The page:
I have a number of posts regarding ‘being oneself’, ‘being true to ones beliefs’ and ‘living for the now’ in progress as we speak – but I’ve been sidetracked by that same post from Liz Strauss article entitled "Change the World: Choosing Our Own Path".
This is an amazing article. It’s already helped me write an article that expands on the circurmstances for saying "No" both in work or life. But tonight while I was traveling around her articles looking at her very interesting reading, I stumbled back into the same post!
This time I was entranced by this sentence "Authenticity knows how to choose its own path" and the comments it drew from various people.
One of the first and foremost attributes I have within myself is my unique authenticity, individual approach to life, and outlook on life.
I often see the world from an outsiders perspective. I’m the guy that says "Aliens would never land on this backward M-class planet. Who’d want to mingle with walking-meat?" This attitude was born after watching HHG2TG one too many times. But I still find I look at the whole world as if I just landed. I’d imagine visiting aliens would say things like:
"You voted that guy as your president? Again?"
"You actually drink until you kill the 10% of the few brain cells you actually use?"
"You deliberately inhale noxious fumes through a cylinder of paper? Why bother with the filter? – Give that to the guy who doesn’t want your stench!"
"When is your planet going to abolish money and go with unification and help each other at a global level?"
"Wow, all this mess, and yet you’ve not drowned in your waste!"
"We were here for the dinosaurs – and they’re still the most intelligent species on this planet?"
"Hey, where did all the Egyptians go? We left them here last time we visited! Man, those guys could ROCK!"
"Wow, you’ve got GLOBAL warming instead of a THERMONUCLEAR Winter … OK, lads, we’re outta here!"
And then they’d be gone.
Step outside the norm’, see the world from different points of view (and none at all) or just simply take a backward step once in a while. Don’t be constrained by the tunnel-vision that the corporate world so often enforces upon us. The distance between bed and the kitchen and the lounge and the front-door and the bus-stop and the window-view along the road to the cubicle to the cafe to the queue-for-bagels-and-coffee to the line-for-the-last-ticket … and back again – that’s not living. Take sideways steps sometimes. Look up. Turn left, right, right around. Make believe you are deaf for a day – it’s amazing how much more you can see!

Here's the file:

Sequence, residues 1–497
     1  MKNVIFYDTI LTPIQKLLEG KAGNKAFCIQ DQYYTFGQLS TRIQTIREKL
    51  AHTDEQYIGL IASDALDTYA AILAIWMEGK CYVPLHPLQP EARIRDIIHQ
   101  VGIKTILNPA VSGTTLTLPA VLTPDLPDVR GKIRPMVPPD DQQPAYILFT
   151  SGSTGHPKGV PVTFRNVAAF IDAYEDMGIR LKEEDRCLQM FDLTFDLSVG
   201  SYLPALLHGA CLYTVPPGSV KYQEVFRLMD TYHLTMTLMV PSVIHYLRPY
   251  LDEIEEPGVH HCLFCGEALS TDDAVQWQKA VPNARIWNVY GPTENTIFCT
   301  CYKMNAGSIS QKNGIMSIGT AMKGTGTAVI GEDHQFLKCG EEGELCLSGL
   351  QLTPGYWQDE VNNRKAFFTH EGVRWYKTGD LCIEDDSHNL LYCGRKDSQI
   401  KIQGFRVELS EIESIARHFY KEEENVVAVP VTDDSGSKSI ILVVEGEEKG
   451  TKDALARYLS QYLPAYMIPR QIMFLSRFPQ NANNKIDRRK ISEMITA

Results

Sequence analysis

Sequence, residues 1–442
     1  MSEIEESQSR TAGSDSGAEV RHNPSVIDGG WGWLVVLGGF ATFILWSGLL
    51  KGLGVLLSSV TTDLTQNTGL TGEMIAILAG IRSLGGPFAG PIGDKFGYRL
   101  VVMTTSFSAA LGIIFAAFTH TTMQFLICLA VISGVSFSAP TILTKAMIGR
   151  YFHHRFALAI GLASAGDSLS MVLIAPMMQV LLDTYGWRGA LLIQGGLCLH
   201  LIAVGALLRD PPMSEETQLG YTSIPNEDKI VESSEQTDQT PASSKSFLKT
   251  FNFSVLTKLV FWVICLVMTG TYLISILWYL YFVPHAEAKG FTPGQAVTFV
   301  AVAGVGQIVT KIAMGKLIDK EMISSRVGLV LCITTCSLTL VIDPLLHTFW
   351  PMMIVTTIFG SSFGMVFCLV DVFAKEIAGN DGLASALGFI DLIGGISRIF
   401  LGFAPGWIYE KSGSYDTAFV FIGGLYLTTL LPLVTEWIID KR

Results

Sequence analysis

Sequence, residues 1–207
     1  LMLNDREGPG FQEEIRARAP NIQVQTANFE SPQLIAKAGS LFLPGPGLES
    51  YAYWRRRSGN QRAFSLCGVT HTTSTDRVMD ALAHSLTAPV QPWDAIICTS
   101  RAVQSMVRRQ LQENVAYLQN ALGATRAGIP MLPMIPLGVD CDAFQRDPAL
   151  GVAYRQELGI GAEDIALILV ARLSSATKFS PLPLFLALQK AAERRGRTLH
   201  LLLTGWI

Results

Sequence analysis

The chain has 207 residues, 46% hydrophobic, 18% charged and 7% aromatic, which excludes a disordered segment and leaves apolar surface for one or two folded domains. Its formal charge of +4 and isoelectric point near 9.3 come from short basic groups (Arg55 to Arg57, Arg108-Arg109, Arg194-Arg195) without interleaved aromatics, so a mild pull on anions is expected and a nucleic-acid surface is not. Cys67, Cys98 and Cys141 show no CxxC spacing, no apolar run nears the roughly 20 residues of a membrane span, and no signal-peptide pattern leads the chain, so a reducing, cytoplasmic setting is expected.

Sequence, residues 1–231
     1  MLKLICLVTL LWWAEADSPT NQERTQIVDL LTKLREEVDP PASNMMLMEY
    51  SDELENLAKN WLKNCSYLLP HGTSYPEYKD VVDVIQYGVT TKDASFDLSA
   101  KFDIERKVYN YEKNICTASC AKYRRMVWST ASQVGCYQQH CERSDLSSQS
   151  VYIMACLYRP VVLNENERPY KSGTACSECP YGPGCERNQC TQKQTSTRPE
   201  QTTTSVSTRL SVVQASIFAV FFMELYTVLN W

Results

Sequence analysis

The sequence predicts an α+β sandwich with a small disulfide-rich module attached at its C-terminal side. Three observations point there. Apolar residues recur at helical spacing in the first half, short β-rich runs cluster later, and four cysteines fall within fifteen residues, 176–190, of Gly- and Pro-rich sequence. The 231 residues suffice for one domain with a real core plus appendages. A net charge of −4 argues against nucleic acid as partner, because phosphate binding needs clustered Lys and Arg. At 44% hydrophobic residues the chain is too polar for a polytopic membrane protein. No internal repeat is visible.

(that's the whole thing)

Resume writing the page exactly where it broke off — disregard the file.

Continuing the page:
The advantage of this is that the world will suddenly become your backyard. You’ll see everything as being part of you. Not just the sidewalk and the rooftop, but also the way people interact, the differences in peoples faces from day to day, the way the clouds slide across the rooftops. You’ll see sunlight where others see dull and grey. Your point of view will focus on the poetry of living, not just the grim reminder of that today was yesterday and is tomorrow.
Why do I suggest this? Ever seen my architectural photography? I see this because my eyes are open to changes, differences, moments and the whole. Not just the little details – but the way I thing fills a space. Architecture grows, it’s an art-form that both envelops and projects. My city was once a dust-ball of monuments – and is fast becoming a cityscape of life and invigoration. (Except for the smoke-cannisters that add nothing but pollution and ill-health!)
But authenticity comes a cost, something most people cannot live with. Uniqueness. Individualism. Oh, many people will say, "I’m an individual." But they are not, not really. Individuals are not afraid to be wrong. They are not afraid to stand in front of the crowd. They aren’t even in the crowd – they are out on the own doing their own thing. Individualists stand in the car-park photographing hubcaps while the crowd consumes meat-pies and beer, watching twenty-something men compete to kick a ball between the middle of four white posts. We are the few that stop in a crowd of black-suits to watch the woman in the red dress. We find comfort in the fact that we are unique, authentic individualists.
The important aspect to remember about being authentic is remembering where you got your beliefs from, to keep an eye on where they are going – and remembering that change is inevitable. The best aspect of being authentic is that you can, you really can change anytime you want. Today you believe in orange llamas, tomorrow you believe in green bananas. There’s no hang-up on whether it contravenes your belief-structure. An individualist listens, researches, understands – and makes changes as applicable.
At least, that’s how it is for me. "What makes you authentic?"